Comparison and prevalence of smoking among Saudi females from different Departments of the College of Applied Medical Sciences in Dammam
Objectives: The aim of this study is to estimate the prevalence of smoking and factors associated with smoking habits among female students in all departments of College of Applied Medical Science (CAMS) at the University of Dammam.
Methods: A cross-sectional study was conducted at CAMSs, University of Dammam. Only female students were included from all the departments of CAMS. The modified structured Global Youth Tobacco Survey was used to collect detailed information about smoking habits and factors associated with smoking.
Results: A total of 332 out of 408 female students responded to the questionnaire with a response rate of 81%. The overall prevalence of those who tried smoking was 13.3%. Of those, 0.9% were active smokers. Among departments, Respiratory Care Department has the highest prevalence of smoking (25%; n = 11 out of 63) compared to clinical nutrition department where only 11.4% (n = 5 out of 54) either tried smoking or active smokers. The associated factors for smoking were high grade point average (P = 0.01). Interestingly, 61.3% of the sample reported that their first smoking trail was because of their experience to see someone they know is smoking (P = 0.01).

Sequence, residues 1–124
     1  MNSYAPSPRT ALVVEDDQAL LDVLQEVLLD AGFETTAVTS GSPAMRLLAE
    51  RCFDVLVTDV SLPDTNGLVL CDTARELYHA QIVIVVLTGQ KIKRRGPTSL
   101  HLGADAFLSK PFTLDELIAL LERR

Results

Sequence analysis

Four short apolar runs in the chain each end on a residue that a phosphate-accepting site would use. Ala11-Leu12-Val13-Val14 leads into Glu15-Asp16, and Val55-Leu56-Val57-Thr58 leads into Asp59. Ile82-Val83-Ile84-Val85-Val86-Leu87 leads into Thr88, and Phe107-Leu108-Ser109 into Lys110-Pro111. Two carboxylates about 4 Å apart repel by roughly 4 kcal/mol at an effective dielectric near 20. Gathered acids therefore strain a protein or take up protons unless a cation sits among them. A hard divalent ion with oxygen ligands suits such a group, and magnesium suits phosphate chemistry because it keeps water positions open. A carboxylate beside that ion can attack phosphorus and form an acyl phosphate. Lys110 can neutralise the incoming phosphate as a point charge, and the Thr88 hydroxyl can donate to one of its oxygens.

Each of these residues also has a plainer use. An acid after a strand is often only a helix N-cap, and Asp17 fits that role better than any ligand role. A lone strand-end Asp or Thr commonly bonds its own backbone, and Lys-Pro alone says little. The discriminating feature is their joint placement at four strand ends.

Conclusion: The study results suggest that the prevalence of the current smoking is not significantly high. However, our data of this study suggests that some students tried to smoke in the past which may be considered as a risk factor of becoming regular smokers in the future. The study also reveals that the most common trigger to start smoking is their experience of seeing someone they know is smoking.
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